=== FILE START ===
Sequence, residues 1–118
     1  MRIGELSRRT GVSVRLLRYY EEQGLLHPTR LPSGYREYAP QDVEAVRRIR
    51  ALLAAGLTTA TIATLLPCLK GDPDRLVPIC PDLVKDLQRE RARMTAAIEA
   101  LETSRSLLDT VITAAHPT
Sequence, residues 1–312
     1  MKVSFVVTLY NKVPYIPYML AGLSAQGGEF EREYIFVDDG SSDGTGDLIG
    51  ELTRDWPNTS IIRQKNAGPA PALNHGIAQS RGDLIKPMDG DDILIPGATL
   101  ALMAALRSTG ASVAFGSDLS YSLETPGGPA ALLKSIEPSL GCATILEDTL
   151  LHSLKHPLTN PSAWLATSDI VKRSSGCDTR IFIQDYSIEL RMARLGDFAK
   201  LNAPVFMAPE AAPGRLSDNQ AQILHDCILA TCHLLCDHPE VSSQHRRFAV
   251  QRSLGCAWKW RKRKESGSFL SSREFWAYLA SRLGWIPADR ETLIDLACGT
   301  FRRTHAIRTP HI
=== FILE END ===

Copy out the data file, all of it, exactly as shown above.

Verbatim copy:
Sequence, residues 1–118
     1  MRIGELSRRT GVSVRLLRYY EEQGLLHPTR LPSGYREYAP QDVEAVRRIR
    51  ALLAAGLTTA TIATLLPCLK GDPDRLVPIC PDLVKDLQRE RARMTAAIEA
   101  LETSRSLLDT VITAAHPT
Sequence, residues 1–312
     1  MKVSFVVTLY NKVPYIPYML AGLSAQGGEF EREYIFVDDG SSDGTGDLIG
    51  ELTRDWPNTS IIRQKNAGPA PALNHGIAQS RGDLIKPMDG DDILIPGATL
   101  ALMAALRSTG ASVAFGSDLS YSLETPGGPA ALLKSIEPSL GCATILEDTL
   151  LHSLKHPLTN PSAWLATSDI VKRSSGCDTR IFIQDYSIEL RMARLGDFAK
   201  LNAPVFMAPE AAPGRLSDNQ AQILHDCILA TCHLLCDHPE VSSQHRRFAV
   251  QRSLGCAWKW RKRKESGSFL SSREFWAYLA SRLGWIPADR ETLIDLACGT
   301  FRRTHAIRTP HI